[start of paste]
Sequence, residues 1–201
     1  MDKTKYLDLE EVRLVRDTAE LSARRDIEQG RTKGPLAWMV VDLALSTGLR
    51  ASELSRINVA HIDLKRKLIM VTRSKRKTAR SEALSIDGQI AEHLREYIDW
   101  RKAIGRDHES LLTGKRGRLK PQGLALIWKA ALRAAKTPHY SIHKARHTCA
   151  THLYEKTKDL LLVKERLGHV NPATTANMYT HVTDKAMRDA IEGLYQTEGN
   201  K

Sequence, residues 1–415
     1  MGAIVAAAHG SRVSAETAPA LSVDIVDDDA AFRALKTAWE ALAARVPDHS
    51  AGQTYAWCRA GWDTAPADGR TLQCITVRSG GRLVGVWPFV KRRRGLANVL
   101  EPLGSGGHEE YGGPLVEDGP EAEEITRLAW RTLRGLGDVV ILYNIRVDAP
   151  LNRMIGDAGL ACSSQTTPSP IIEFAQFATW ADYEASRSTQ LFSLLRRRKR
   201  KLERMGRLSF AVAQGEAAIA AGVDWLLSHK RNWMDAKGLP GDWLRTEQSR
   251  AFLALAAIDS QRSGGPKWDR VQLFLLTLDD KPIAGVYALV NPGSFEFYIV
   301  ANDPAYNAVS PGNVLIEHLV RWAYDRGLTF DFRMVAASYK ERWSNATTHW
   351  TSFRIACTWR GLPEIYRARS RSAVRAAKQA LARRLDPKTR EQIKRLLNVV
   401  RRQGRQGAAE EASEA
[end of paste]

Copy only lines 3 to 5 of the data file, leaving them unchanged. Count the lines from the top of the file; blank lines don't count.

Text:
    51  ASELSRINVA HIDLKRKLIM VTRSKRKTAR SEALSIDGQI AEHLREYIDW
   101  RKAIGRDHES LLTGKRGRLK PQGLALIWKA ALRAAKTPHY SIHKARHTCA
   151  THLYEKTKDL LLVKERLGHV NPATTANMYT HVTDKAMRDA IEGLYQTEGN